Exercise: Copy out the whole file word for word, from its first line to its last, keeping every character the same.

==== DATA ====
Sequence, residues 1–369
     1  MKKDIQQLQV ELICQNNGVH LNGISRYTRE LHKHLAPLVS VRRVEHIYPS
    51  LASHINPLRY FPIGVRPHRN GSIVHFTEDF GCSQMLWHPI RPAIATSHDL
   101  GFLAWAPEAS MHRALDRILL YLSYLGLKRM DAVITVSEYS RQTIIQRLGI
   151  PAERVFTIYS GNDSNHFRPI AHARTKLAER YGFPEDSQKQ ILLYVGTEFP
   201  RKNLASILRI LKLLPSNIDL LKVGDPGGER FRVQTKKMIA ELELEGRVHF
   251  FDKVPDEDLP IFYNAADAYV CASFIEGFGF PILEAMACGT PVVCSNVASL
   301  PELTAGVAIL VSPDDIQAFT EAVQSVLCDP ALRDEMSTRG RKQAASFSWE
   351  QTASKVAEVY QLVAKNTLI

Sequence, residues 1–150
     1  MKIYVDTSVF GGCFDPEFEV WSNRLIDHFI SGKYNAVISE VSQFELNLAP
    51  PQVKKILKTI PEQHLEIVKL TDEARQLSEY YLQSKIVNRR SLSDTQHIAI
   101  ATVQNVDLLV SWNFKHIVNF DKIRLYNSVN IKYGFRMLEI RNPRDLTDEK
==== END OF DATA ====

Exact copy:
Sequence, residues 1–369
     1  MKKDIQQLQV ELICQNNGVH LNGISRYTRE LHKHLAPLVS VRRVEHIYPS
    51  LASHINPLRY FPIGVRPHRN GSIVHFTEDF GCSQMLWHPI RPAIATSHDL
   101  GFLAWAPEAS MHRALDRILL YLSYLGLKRM DAVITVSEYS RQTIIQRLGI
   151  PAERVFTIYS GNDSNHFRPI AHARTKLAER YGFPEDSQKQ ILLYVGTEFP
   201  RKNLASILRI LKLLPSNIDL LKVGDPGGER FRVQTKKMIA ELELEGRVHF
   251  FDKVPDEDLP IFYNAADAYV CASFIEGFGF PILEAMACGT PVVCSNVASL
   301  PELTAGVAIL VSPDDIQAFT EAVQSVLCDP ALRDEMSTRG RKQAASFSWE
   351  QTASKVAEVY QLVAKNTLI

Sequence, residues 1–150
     1  MKIYVDTSVF GGCFDPEFEV WSNRLIDHFI SGKYNAVISE VSQFELNLAP
    51  PQVKKILKTI PEQHLEIVKL TDEARQLSEY YLQSKIVNRR SLSDTQHIAI
   101  ATVQNVDLLV SWNFKHIVNF DKIRLYNSVN IKYGFRMLEI RNPRDLTDEK